NASA Responds to the Columbia Accident Report: Ground the Shuttle

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Growing Skepticism

NASA was already looking at how to replace some or all of the shuttle's capability with a new "Orbital Space Plane" when Columbia was lost. Initial NASA plans were greeted with skepticism on Capitol Hill. NASA could not fully define the eventual cost of the OSP project - nor could NASA show how the OSP overlapped and then replaced the current Shuttle program. Indeed, NASA was looking to actually extend the operational life of the Shuttle - perhaps as far out as 2020.

The Columbia accident put a spotlight on the issue of what to do with the Shuttle and transformed plans to phase out the Shuttle into a more pressing and finite endpoint: the outright replacement of the Shuttle sooner than many had previously favored.

While the CAIB said that the Shuttle can be safely operated for another decade, many in Congress are impatient and would like to see the Shuttle replaced sooner rather than later. On September 2nd, Sen. Sam Brownback (R-KS) posed the question "Are we throwing good money after bad? There is a fair feeling that this is an older technology, it is a complex technology. We may just be at a point that it is time to say, 'Scuttle the shuttle', and move on to the next technology".

Brownback is known to be formulating a request for the White House to look into a more pro-active, far-reaching national space policy and that part of this effort would be the replacement of the Shuttle fleet as soon as possible - as opposed to others who would like to see the Shuttle fleet flying for another decade or more - and after than, possibly as an unmanned heavy launch vehicle.

Extreme Solutions

A smaller crowd wants to see the Shuttle grounded - now. One vocal opponent of the Shuttle is Rep. Joe Barton (R-TX) who initially made his anti-Shuttle views known in May 2003. If anything, Barton is more resolved in his commitment to keep the Shuttle on the ground. On September 10th he repeated his vow saying "I will do everything I can within the rules of this committee to prevent people flying in space shuttle orbiters."

Barton also asked that two recent editorials be entered into the Congressional record - one by Author Homer Hickam in the Wall Street Journal, the other by Robert Zubrin in Space News. Barton made one specific reference to Zubrin's op ed wherein Zubrin says "even if the Orbiter could be flown safely, it is clear that using a launch vehicle with a takeoff thrust matching that of a Saturn V to transport half a dozen people to the Space Station makes about as much sense as using an aircraft carrier to tow water skiers." When asked to comment on Zubrin's words O'Keefe dismissed them, saying simply "this is a wrong-headed view."

Later, in a second round of questions, Barton seemed to be only slightly repentant, assuring all that "I am a supporter of the U.S. space program - the manned space program. I am not anti-space or anti-NASA or anti-O'Keefe. But I am anti-using the Shuttle to put Americans at risk." He then went on to make a rather cogent observation "If we can go from John Glenn orbiting the Earth in February 1962 to Neil Armstrong walking on the Moon in July 1969 - that is seven years from having no technology and a vision - then we can surely come up with a space plane that puts American's up in space safely."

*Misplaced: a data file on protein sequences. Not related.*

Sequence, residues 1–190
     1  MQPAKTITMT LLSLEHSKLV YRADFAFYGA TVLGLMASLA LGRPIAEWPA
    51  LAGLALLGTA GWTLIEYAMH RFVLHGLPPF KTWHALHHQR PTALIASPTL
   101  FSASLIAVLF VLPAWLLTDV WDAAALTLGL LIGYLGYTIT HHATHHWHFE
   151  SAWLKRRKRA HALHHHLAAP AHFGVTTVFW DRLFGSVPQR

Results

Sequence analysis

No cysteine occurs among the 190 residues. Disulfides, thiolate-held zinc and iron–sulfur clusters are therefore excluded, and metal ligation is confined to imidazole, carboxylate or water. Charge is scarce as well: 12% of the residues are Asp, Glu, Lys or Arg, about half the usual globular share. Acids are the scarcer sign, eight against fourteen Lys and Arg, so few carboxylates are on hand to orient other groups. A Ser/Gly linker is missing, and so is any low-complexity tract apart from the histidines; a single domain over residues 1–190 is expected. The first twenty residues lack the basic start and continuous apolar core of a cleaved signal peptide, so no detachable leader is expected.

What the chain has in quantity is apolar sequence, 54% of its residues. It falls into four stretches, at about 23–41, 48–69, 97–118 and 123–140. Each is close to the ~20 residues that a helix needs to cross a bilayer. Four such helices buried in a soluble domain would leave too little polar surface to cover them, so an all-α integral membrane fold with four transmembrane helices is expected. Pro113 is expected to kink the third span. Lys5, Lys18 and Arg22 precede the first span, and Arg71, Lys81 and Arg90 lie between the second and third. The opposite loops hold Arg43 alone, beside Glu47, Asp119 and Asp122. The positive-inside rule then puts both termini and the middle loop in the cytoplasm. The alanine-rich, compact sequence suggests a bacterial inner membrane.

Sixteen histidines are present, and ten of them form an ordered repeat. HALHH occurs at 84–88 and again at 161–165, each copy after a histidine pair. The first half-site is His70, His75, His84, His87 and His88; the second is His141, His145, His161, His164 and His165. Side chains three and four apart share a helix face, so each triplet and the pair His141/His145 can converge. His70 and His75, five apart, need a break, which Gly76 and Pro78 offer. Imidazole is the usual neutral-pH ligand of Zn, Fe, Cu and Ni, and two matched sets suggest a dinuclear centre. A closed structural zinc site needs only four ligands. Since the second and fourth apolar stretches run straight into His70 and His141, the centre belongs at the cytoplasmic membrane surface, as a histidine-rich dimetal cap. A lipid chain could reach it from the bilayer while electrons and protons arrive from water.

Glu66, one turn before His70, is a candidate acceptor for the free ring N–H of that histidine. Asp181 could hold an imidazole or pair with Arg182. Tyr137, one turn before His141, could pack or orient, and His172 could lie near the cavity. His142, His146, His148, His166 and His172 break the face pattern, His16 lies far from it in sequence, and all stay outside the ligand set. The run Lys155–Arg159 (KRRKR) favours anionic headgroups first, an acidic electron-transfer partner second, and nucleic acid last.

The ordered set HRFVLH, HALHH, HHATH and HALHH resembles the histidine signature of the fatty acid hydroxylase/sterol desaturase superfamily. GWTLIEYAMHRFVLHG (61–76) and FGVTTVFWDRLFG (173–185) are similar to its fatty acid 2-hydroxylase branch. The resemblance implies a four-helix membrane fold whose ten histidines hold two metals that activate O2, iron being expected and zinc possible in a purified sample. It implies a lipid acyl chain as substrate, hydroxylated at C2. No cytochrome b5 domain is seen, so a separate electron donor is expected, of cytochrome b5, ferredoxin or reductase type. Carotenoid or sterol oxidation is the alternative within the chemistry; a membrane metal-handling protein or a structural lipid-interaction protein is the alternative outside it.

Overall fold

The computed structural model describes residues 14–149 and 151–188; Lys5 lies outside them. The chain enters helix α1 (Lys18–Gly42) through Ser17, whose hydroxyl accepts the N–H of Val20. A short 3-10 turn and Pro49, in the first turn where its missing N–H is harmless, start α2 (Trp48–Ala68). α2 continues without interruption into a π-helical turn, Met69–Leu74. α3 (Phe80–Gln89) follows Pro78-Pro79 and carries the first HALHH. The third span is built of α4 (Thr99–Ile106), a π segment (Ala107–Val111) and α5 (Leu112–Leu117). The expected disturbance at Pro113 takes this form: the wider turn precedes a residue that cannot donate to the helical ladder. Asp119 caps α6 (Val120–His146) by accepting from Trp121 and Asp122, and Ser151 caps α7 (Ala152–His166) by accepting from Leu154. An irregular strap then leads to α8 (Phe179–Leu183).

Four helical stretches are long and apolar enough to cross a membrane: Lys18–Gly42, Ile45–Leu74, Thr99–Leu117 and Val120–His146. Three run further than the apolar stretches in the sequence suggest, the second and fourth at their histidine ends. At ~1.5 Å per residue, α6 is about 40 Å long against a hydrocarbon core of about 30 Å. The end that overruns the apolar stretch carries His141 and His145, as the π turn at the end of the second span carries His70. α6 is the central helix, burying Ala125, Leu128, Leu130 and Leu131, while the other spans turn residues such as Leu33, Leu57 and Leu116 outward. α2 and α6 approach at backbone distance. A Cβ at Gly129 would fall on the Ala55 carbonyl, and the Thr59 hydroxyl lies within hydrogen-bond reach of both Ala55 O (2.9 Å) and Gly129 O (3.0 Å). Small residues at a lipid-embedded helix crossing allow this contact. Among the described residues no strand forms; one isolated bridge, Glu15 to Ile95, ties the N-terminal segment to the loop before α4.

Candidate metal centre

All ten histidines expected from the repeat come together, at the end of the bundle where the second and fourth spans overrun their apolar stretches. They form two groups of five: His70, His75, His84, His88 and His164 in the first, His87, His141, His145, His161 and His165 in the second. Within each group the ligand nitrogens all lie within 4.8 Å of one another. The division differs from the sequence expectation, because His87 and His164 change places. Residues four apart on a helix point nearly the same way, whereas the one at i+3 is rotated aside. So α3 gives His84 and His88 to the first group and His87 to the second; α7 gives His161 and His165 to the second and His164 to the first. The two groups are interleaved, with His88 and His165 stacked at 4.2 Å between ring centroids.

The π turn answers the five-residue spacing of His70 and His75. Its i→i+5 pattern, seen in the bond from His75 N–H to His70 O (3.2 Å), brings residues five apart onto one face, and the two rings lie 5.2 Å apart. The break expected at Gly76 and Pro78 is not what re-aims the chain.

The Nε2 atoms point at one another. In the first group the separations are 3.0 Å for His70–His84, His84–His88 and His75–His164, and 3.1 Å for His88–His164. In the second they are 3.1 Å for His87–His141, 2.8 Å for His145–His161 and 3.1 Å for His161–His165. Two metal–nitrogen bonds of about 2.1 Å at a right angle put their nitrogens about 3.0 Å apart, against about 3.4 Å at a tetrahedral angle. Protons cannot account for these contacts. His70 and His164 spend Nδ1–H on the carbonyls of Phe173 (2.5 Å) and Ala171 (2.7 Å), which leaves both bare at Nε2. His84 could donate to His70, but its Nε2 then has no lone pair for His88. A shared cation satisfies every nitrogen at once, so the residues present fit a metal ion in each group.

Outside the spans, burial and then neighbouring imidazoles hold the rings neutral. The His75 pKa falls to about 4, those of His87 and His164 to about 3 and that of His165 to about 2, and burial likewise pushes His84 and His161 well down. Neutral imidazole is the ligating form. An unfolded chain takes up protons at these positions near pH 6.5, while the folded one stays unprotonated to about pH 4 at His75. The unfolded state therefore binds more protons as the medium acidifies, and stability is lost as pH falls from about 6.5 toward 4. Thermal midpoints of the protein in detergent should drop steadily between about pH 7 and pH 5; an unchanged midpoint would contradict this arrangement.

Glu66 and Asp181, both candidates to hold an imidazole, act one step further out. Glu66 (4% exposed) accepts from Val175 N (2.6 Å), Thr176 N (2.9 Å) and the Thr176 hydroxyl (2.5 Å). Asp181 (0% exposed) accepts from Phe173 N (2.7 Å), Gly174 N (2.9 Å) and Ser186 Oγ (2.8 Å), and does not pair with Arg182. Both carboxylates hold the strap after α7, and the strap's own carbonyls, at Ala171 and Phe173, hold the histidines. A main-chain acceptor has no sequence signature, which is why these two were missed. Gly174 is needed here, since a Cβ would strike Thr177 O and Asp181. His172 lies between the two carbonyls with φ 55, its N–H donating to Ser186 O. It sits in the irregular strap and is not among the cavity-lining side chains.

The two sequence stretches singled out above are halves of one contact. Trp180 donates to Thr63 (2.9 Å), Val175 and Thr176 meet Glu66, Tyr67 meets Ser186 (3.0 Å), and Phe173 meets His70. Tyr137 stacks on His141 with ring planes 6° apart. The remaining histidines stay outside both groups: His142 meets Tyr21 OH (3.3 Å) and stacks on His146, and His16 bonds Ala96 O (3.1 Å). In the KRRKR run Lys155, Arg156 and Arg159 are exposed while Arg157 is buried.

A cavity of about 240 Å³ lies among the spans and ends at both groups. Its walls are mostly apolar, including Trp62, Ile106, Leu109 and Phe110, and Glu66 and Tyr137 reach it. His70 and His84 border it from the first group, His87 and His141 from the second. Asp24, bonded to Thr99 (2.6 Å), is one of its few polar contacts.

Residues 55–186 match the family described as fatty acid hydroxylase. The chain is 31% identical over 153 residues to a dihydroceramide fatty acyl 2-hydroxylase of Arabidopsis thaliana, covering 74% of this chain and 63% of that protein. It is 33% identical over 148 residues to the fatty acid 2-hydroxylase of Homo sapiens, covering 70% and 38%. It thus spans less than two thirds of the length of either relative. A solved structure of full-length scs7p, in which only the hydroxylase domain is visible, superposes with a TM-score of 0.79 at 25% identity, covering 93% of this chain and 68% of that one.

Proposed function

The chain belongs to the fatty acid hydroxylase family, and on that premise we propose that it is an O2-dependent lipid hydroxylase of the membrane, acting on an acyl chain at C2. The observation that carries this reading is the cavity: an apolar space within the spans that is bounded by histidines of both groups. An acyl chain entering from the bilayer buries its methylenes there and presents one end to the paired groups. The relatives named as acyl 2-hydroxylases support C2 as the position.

What Barton seems to have missed in his reference to the early days of human spaceflight is the fact that America endured one fatal Apollo spacecraft accident (Apollo 1) and another that came darn close to being fatal (Apollo 13) - yet in both instances the vehicle's flaws were fixed, and that spacecraft flew again.

While Barton's ardent opposition to flying the Shuttle is not shared by much of anyone else in Congress, there is a large and growing crowd in the House and Senate who think the time has come to replace the Shuttle. However, there is an alternative wherein Barton would not object to flying the Shuttle - if it is flown without humans on board.

Automate It

Barton then tried to pin O'Keefe down on two things: first, what it would it take, if given free reign (in terms of money) to build an Orbital Space Plane or capsule for transporting humans (not cargo) to replace the Shuttle, and second, what would it take to convert the Shuttle fleet to automated (unmanned) operation. O'Keefe did not have any answers for this during the hearing but promised to call Barton back "this afternoon".

At a press roundtable the next day, I asked O'Keefe if indeed NASA could launch, maneuver and then land the Shuttle without humans on Board. Another reporter added the question of whether it could also do rendezvous and docking without humans on board. O'Keefe said "Yes we can do that" but noted that some things needed to be done to the Shuttle orbiters to allow that to happen. He was not able to say when he' d have a definitive answer.

Of course, the Shuttle fleet has had the capability to launch and land automatically since its first flight. Having a crew on board has always been seen as a more reliable way to fly the vehicle and those capabilities have never been totally exercised. With the exception of the final moments before landing, ISS docking, and satellite servicing, much of what the Shuttle does has always been more or less automated.

There is a precedent for a Space Shuttle completing an entire mission without humans aboard. Alas, it was the one and only flight in 1988 of Russia's quasi-copy of the U.S. Shuttle named "Buran" which completed a short 2 orbit mission and landed dealing with a rather severe cross wind in the process.

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